Kate, you have boosted my writing by many levels with these posts. I owe you profound gratitude. Thank you.
    Cliff at Desert Coyote Press

    • K.M. Weiland | @KMWeiland says

      So glad you discovered the Enneagram and found it helpful. That’s great to hear!

  27. It was cool to hear that you are an INTJ… me too! I have appreciated your clear and precise thinking

    • K.M. Weiland | @KMWeiland says

      INTJs are supposed to be one of the rarest personality types, but I do think there are quite a few of us who congregate around these here parts. 😉

  28. Hi Miss Weiland,
    My name is Izzy, I am fifteen years old, and I LOVE to write! I’ve been writing for personal pleasure, outside of school, for about four years now, but in the past year or so, I’ve begun truly taking my writing seriously. I would love be an author, and I’m hoping someday I’ll be good enough to make my dream come true.
    It was an absolute blessing when I discovered your website three months ago! So far, I’ve been bombarded with so much new wisdom and learned of all the intricate details needed in writing a novel! (You would never have thought when reading a particularly enchanting novel, that the author probably slaved for days trying to figure out their MC’s Ghost, Lie, Want, and Need. 😂)
    As of September, I’d been sitting on an idea for a book for a few months already and stressing over how to plot it out. (I’ve had a sketchy relationship with both plotting and pantsing and I was at a loss for where to begin.) When I discovered your website and the Storming Outline you provided, and after reading the brief introduction, I adapted your plotting technique instantly; it appealed to every part of my overcomplicating, perfectionist personality. Three months in, and so far, it’s been perfect. I love the detail you go into and the attention you pay to each and every part of your story.
    While we’re on the topic of compliments, honestly, you seem like a fun best friend who happens to be an expert on all things writing! 😊 I love your writing style and the intelligent voice it projects. I more than respect how vocal you are about your faith and appreciate to hear how you include God in your writing process. I’ve been more than grateful to be able to read your posts and expand my writing tool belt. You’re a true blessing to the writing world, miss Weiland 💙.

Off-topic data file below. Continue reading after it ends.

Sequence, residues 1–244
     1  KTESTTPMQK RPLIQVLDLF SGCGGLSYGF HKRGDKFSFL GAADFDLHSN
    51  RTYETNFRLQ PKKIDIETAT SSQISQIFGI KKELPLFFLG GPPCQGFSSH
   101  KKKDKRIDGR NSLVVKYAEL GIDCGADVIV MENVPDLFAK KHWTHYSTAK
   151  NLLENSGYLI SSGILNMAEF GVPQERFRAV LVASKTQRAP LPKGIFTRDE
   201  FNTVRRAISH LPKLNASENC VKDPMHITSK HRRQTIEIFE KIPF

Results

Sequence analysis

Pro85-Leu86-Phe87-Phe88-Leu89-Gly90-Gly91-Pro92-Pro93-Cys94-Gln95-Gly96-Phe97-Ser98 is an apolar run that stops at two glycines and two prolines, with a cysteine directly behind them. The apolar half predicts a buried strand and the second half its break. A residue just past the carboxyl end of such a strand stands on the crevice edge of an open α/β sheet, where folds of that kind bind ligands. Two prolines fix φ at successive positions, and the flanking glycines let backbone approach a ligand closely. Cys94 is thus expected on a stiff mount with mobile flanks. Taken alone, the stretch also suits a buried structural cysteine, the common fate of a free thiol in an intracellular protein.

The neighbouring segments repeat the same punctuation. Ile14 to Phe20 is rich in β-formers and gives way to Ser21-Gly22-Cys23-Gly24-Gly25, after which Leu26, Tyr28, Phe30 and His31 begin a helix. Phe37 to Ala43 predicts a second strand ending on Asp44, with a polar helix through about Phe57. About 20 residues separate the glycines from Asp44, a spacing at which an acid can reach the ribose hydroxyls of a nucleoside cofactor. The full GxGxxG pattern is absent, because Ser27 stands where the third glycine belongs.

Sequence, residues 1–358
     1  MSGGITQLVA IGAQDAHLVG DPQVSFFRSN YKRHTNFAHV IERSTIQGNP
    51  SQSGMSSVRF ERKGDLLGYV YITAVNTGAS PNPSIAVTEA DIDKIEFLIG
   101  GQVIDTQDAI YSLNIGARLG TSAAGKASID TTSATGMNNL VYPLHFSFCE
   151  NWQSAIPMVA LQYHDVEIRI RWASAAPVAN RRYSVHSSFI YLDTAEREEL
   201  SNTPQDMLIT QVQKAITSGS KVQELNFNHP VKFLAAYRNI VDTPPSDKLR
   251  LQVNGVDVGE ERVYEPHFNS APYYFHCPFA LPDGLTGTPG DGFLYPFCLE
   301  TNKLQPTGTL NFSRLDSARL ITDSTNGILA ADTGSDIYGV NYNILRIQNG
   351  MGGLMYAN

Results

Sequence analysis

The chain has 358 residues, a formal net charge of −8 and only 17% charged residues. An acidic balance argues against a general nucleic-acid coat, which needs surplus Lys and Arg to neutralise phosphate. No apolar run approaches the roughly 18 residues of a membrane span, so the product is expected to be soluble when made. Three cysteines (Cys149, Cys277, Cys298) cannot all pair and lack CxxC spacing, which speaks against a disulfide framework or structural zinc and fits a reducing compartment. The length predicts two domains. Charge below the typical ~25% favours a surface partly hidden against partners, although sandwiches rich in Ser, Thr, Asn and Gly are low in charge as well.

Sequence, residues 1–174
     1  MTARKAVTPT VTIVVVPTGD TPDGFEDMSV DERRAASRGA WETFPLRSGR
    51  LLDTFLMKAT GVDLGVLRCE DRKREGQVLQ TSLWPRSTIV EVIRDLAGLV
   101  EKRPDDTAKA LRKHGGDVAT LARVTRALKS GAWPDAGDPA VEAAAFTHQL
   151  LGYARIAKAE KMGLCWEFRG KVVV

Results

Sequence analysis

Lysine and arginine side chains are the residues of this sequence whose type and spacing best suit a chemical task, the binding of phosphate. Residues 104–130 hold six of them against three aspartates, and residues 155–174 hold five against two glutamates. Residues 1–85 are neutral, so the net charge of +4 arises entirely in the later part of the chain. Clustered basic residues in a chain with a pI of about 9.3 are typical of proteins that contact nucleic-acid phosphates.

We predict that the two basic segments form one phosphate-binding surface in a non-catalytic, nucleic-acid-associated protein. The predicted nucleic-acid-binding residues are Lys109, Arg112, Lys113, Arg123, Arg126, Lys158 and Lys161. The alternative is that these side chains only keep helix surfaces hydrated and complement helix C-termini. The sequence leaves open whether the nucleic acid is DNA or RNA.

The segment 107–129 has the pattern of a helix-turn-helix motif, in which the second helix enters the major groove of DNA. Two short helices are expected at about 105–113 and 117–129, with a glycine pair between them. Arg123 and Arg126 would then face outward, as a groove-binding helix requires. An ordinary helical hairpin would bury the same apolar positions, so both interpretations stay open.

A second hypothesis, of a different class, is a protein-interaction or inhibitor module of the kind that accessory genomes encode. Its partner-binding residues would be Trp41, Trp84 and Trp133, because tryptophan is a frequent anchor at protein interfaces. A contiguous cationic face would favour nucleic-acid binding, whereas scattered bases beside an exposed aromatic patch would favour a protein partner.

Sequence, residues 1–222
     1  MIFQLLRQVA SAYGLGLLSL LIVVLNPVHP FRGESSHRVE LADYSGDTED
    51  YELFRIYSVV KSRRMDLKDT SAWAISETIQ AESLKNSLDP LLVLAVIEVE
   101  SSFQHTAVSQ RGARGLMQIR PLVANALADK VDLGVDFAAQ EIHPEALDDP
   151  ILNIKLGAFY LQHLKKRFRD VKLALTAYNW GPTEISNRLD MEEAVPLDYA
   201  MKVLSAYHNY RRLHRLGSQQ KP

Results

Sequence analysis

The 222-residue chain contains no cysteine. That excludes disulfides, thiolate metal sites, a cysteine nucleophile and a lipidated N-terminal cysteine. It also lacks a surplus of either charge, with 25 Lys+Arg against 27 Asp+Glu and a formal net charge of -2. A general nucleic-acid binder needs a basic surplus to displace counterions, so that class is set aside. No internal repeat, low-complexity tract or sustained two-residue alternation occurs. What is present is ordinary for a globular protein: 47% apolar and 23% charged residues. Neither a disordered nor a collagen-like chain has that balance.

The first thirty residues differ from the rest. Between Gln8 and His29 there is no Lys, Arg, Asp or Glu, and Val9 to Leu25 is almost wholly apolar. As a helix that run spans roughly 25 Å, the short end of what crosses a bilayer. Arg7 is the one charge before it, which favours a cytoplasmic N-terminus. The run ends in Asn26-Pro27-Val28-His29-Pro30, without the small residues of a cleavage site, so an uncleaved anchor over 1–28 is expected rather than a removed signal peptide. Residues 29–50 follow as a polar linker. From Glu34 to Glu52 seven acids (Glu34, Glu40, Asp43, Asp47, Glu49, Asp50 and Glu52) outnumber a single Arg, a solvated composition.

I’m currently working on plotting the first novel in a fantasy series I someday hope to complete. The catch seems to be that, after a particularly troubling 2022, I can no longer write without feeling the affects of crippling self doubt and harsh inner judgement 🫢. Everyone is their own worst critic (the little voice is especially harsh as an author, I’ve heard), but I can’t seem to move past the fact that I *am* fifteen years old and not at all fit to be writing novels. There is that talent and wisdom that comes with age and experience, neither of which I possess, but I hope that it’s not a decade later until I could even be considered publishable material.
    Writing professionally has been a dream of mine for a while now, and I’m so grateful to you for helping me towards that dream. My one question to you is wondering if you have an advice or wisdom for an aspiring author working through the young stages of finding her style.
    Thank you again, miss Weiland, for writing so that others can too.

    P.S. Sorry for the long bio… 😅

    • K.M. Weiland | @KMWeiland says

      Thanks for your comment, Izzy! Very glad to hear you’re enjoying the site and finding the info useful. The fact that you’re starting your writing so young is a wonderful thing. Learning to write well is a life-long journey; it’s never-ending! By beginning so early, you’re giving yourself the opportunity to gain so much experience as the years go on. Don’t be hard on yourself for being at the beginning of your journey. It’s a beautiful place to be, and it will be gone before you know it.

      I always encourage people (myself included) to focus more on the process than the outcome. I particularly like the Anne Lamott quote: “Being published isn’t all it’s cracked up to be. But writing is.” Enjoy the process wherever you’re at. 🙂

      My top advice for young writers is the reminder that writing is a journey of stages. It’s hard work, but also exceptionally rewarding, so don’t lose your joy as the going gets tough. Be consistent in studying and practicing. Everything else comes with time.

      You might find these posts helpful:

      All the best!

  29. Katie Mosher says

    On my days off my routines is something like yours. But on work days those can either be 730-2 or 7-2 or 830-430. I have two jobs. Things are changing for the better. Recently started doing a HB90 course you might know about 🙂 I started fallowing you before Sara. In the morning I have my coffee, light my morning candle while listening to soft jazz music and blog away. Then the walks, and house work, some reading then I will write as well. Now I have a new office I’m working on! So working on my planners in there.
    I know the routine will change once spring is here. Alberta is very dry and still no snow